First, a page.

Deviled eggs: http://www.goodegg.com/recipe/deviledegg.html
In British English a 'brick' is a dependable person.
I'm afraid I have no idea about 'diagonal warnings'.
I have seen a movie recently, called 1941.
There was a guy who said "This is your diagonal warning" during an airraid. Does that have some special laughable meaning, since it was a comedy?
Also, a sergeant called another GI guy a "goldbrick". What does that mean?
"deviled eggs" - what kind of dish is that?
"zipperheads" - I know it is a kind of cursing but what does that mean?
A goldbrick is someone who tries to get out of doing any work.
Thank you so much!
"goldbrick's" definition does make sense there, because the guy is suspected to be AWOL...
You're welcome. :DOriginally Posted by Dweller
That would be a goldbrick in spades. Usually a goldbrick is there, but he does as little work as possible. He might pretend to work, or he might spend much of his time hiding from anybody in authority who might have him do some work.Originally Posted by Dweller
It seems like he had been just a "goldbrick" all the time but then decided to go AWOL and become a "goldbrick in spades"
Say, you have never had deviled eggs? They're delicious! Get some from the deli.
A few more phrases from the same movie, 1941, that is, if you don't mind:
"for crying out loud" (when someone is angry and trying to persuade the others)
"clear the props!" (at the airfield), propellers?
"we are not going to any dances, we are going to play wet nurse to Lullabelle tonight" (it may be something dirty but, anyway :)
Is it yet time to throw in some chingazos? Orale, orale!
(mexican people speaking at the dance club)
"port hatch" (in the army tank) what is that?
s.l.p., how do you read me? (transmitted by an army radio operator)
what is s.l.p.?
(maneuvring on a tank)
"advance me 60 feet, column left", column left?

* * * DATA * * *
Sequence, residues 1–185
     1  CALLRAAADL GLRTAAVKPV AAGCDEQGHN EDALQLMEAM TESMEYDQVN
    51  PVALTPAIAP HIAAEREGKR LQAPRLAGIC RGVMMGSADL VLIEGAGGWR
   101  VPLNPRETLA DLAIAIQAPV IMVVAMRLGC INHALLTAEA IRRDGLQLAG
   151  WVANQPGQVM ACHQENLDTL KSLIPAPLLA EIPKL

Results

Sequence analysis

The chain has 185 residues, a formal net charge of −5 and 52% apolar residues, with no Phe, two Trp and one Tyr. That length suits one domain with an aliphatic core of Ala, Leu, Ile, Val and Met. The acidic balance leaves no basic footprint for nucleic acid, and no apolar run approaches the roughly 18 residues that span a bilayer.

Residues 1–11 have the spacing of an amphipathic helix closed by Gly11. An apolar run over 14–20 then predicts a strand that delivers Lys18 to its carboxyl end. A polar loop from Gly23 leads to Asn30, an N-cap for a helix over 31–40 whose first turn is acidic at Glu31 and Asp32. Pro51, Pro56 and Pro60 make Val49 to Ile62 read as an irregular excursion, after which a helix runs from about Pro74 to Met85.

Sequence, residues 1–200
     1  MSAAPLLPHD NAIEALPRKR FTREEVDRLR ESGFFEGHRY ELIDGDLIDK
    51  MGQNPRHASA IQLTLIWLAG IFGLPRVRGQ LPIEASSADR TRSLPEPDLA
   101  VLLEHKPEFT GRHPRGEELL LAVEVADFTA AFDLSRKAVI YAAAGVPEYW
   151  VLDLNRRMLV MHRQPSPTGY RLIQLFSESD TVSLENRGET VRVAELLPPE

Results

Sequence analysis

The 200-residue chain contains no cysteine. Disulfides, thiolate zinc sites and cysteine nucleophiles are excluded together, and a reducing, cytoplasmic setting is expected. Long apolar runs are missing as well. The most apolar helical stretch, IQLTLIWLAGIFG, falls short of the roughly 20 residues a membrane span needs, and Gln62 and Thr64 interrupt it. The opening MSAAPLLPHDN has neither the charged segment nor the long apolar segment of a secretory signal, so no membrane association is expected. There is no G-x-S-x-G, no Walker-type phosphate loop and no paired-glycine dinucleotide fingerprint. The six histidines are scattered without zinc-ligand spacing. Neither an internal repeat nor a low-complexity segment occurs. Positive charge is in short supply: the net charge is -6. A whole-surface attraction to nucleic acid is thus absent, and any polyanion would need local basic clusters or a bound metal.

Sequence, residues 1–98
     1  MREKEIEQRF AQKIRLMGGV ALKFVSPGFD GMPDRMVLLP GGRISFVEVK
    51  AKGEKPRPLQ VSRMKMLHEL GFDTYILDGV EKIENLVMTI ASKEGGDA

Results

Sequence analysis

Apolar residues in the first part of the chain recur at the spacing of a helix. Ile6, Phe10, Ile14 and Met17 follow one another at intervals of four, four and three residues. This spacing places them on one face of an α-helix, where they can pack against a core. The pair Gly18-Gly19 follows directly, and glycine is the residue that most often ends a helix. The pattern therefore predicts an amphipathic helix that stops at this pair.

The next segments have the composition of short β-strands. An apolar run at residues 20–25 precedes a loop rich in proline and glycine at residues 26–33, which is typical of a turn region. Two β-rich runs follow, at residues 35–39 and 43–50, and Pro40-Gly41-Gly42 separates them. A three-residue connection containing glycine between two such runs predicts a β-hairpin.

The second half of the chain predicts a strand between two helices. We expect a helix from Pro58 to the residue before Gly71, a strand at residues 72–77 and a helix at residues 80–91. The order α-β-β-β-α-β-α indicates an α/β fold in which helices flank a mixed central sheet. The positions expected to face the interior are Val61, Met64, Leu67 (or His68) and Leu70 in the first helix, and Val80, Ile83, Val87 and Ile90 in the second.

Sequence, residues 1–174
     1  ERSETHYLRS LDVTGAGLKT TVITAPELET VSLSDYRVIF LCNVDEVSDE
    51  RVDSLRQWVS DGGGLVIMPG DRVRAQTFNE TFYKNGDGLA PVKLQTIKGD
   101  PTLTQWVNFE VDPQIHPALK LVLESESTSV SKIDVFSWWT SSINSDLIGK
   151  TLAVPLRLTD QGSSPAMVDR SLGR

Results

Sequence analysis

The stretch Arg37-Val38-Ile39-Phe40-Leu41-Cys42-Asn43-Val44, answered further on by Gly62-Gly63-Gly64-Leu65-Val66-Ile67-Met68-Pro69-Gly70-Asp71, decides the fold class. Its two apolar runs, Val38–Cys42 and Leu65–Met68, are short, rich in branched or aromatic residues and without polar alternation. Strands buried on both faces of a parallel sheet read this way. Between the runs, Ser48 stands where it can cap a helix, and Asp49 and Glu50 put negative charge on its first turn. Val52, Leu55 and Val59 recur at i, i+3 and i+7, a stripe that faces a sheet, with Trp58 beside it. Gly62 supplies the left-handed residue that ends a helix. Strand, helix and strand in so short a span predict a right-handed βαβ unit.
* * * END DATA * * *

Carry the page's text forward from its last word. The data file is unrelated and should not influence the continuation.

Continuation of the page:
(a woman peering out of an airplane that felt into a tar pit)
"Eecch! Where are we??" what is eecch?
"The army gave me a gun, I think it is high time we used it." - high time?
"That is the cop who sent me up the river!" (and gave wrong directions) - any special meaning for that phrase?
"Zipperhead" - should be some cursing
Yes, "for crying out loud" is an expression of anger, dismay, or, most often, frustration.Originally Posted by Dweller
Yes. You would not want to have an accident with the propellers.Originally Posted by Dweller
No, it just means they have to watch after or take care of somebody.Originally Posted by Dweller
That would have to be the hatch on the left side.Originally Posted by Dweller
I'll let somebody else explain what SLP stands for. (You might try the Dictionary.com acronym finder.)Originally Posted by Dweller
The column on the left would be the column to the left of the center column.Originally Posted by Dweller
It is an interjection indicating disgust.Originally Posted by Dweller
That means it is time to do it. Do not wait any longer.Originally Posted by Dweller
The cop that sent me up the river would be the cop who arrested you (and perhaps testified against you at your trial), and that arrest led to your going to prison.Originally Posted by Dweller
This is a comedic reference to cross-walk warnings not to cross diagonally against the light or you may get struck by a car.
During an airraid it is not a safe time to be out walking as you may get hit by a mortar shell.